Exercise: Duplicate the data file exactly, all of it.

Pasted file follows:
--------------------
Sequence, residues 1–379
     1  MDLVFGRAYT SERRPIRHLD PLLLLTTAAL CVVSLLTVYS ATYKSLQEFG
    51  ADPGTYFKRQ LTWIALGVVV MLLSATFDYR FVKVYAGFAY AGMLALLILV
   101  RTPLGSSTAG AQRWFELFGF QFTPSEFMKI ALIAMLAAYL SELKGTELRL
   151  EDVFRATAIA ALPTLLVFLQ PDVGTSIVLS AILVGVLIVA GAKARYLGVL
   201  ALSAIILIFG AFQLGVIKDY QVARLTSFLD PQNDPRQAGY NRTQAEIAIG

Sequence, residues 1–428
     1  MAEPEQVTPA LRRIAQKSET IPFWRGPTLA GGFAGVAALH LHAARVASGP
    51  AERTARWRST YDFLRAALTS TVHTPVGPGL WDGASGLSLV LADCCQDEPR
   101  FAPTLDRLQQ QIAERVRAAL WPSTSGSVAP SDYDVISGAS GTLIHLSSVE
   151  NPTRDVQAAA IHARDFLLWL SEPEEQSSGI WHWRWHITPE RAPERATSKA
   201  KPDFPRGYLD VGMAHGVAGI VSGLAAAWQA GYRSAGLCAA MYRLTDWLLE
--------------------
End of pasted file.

Sequence, residues 1–379
     1  MDLVFGRAYT SERRPIRHLD PLLLLTTAAL CVVSLLTVYS ATYKSLQEFG
    51  ADPGTYFKRQ LTWIALGVVV MLLSATFDYR FVKVYAGFAY AGMLALLILV
   101  RTPLGSSTAG AQRWFELFGF QFTPSEFMKI ALIAMLAAYL SELKGTELRL
   151  EDVFRATAIA ALPTLLVFLQ PDVGTSIVLS AILVGVLIVA GAKARYLGVL
   201  ALSAIILIFG AFQLGVIKDY QVARLTSFLD PQNDPRQAGY NRTQAEIAIG

Sequence, residues 1–428
     1  MAEPEQVTPA LRRIAQKSET IPFWRGPTLA GGFAGVAALH LHAARVASGP
    51  AERTARWRST YDFLRAALTS TVHTPVGPGL WDGASGLSLV LADCCQDEPR
   101  FAPTLDRLQQ QIAERVRAAL WPSTSGSVAP SDYDVISGAS GTLIHLSSVE
   151  NPTRDVQAAA IHARDFLLWL SEPEEQSSGI WHWRWHITPE RAPERATSKA
   201  KPDFPRGYLD VGMAHGVAGI VSGLAAAWQA GYRSAGLCAA MYRLTDWLLE